Trying to second-guess energy prices is notoriously difficult, that said, crude oil has risen from a low of $30 a barrel in early 2016 to over $80 in recent months. For those who have to rely on oil to run the heating – that’s about 1.6 million homes – they will be well aware of these fluctuations. Having benefited from the slump in oil prices they will now find that they are paying 50-60 pence per litre, rather than 35 pence per litre in 2017. This makes recent rises in electricity and gas prices seem small in comparison.
What’s driving oil price increases?
Oil is traded in US Dollars, making the exchange rate between US$ and UK£ a massive factor, the recent Brexittalks have led to fluctuations in the value of sterling, this has a huge bearing on the final price that we pay in the UK. Economic and political events, nationally and worldwide, quickly feed into exchange rates which immediately impacts on the price of oil – this rapidly drives up prices at the pump and the cost of heating oil.
The International Energy Agency (IEA) – the world’s energy watchdog – has been warning that energy prices could increase further in the coming months. Problems with Venezuelan and Iranian exports are impacting global oil production. Political pressure is being put on other producers to increase production to take up the slack. Other factors such as sluggish demand from Japan due to natural disasters and extreme weather conditions may help contain price rises. The escalating trade war between the US and China is increasing the uncertainty, making market jitters even more likely.
When should you buy heating oil?
Buying your heating oil during the summer months is usually a better bet; prices tend to drop, as there is less demand. However, keeping an eye on oil prices is always the best strategy, as the summer rule doesn’t always work. That said, it helps to avoid the longer delivery lead-times in the winter months, especially if there is a prolonged cold snap. The golden rule is to never let your tank get low, especially in the winter.
Heating oil price – comparing the market
There appears to be plenty of competition in the heating oil market. Prices across the UK do vary, so it’s always best to ring around for prices to get a feel for what oil is trading at. Online services such as Boiler Juice and Heating Oil.co.uk are great for seeing current prices, even if you don’t order through them.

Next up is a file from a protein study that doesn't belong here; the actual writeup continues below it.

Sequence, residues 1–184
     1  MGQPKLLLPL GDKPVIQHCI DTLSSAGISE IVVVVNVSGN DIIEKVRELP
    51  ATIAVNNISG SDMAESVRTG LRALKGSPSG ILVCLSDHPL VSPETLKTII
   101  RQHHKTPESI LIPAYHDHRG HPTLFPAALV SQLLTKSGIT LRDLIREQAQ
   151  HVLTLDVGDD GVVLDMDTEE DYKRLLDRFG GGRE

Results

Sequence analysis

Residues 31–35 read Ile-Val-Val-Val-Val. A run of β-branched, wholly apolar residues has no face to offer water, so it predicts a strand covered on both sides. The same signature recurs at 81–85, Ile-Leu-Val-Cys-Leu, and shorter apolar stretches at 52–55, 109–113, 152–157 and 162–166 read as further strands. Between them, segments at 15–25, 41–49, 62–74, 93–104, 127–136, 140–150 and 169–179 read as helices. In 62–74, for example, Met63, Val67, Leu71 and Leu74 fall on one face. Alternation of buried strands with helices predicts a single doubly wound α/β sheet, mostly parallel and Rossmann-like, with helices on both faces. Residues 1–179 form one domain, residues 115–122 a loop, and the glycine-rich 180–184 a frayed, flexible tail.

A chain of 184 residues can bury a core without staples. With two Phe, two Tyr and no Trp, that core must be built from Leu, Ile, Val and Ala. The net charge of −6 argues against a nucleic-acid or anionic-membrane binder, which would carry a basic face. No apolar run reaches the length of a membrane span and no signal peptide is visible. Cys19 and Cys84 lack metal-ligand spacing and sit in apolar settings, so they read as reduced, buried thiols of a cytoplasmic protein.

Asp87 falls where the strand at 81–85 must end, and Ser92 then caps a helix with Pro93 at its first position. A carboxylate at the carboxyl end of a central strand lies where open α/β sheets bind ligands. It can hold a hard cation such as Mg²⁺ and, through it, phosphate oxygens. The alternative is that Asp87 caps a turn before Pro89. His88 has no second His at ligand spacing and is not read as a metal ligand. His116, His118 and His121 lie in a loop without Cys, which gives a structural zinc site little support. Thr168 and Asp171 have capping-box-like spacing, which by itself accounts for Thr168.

Building a good relationship with your supplier is beneficial; reliability of deliveries, even a driver who knows where your tank is, is often more important than saving a few pennies. Most oil suppliers are looking to build long-term customers and will offer a keen price to keep your custom.
How big is your heating oil tank?
The more you buy the cheaper it gets certainly applies to heating oil. Buying in bulk helps reduce the delivery costs, so always ask your oil supplier’s price break points, they are usually 500, 1000, 2000 and 2500+ litres. Most domestic tanks range in size from 1000 to 3500 litre, commercial tanks do go larger. If you’re about to install a new tank and have the space, a larger tank maybe worth considering.
Heating oil club’s, getting together with your neighbours
Buying in bulk will certainly pay dividends – clubbing together with your neighbours would open-up better deals with your oil supplier. Filling-up four and five tanks within your village is far more convenient for the oil provider than their driver covering loads of miles with separate deliveries. Plus, you could arrange for one person be at home to sign the paperwork – deals are to be made where heating oil is concerned!
Keep your oil tank in good condition
One thing to remember, don’t be tempted to fill up your tank to the brim, avoiding spillages is a must! Oil is nasty smelly stuff, very polluting to the environment and can cause major structural damage to buildings if it leaches out into the fabric of walls. My advice would be to have your oil tank and connecting pipes checked regularly, ideally when you have the boiler serviced. If you can smell oil, there could be a leak – cleaning up oil spillages is very expensive. Most home insurance policies will cover this; however, always check that you are fully insured.
In rented properties it is the landlord’s responsibility to make sure that the tank and boiler are maintained, and any equipment is sited as per building regulations.
Oil theft – keep your tank locked
A large proportion of households that use oil to heat their homes are in rural or remote areas – making them susceptible to theft. The theft of heating oil is becoming a real problem. When you consider 2700 litres (600 gallons) of oil, at today’s price (50p litre) equates to £1350, you can see why it’s an attractive option for criminals!
It’s not just the value of the oil that’s at risk; the damage to the tank by thieves and the potential clean-up costs for spillages, need to be factored in, as well as the inconvenience.
Here are some tips on keeping fuel secure
- Padlock tank fillers caps
- Positions tanks where surveillance is easy.
- Ask neighbours to keep a look out for unusual activity and inform the police if they see anything suspicious
- Use external lighting with motion sensors
- Install CCTV, or smart home cameras
- Consider an electronic oil level gauge that sets off an audible alarm if the oil level suddenly drops.
- Smartphone app monitoring are available
- Check your oil levels regularly, it may have been stolen without you knowing!
Finally, please check that you’re fully insured and that your household insurance covers you for oil theft, damage and the clean-up costs. If not, shop around the market to find the best deals available.
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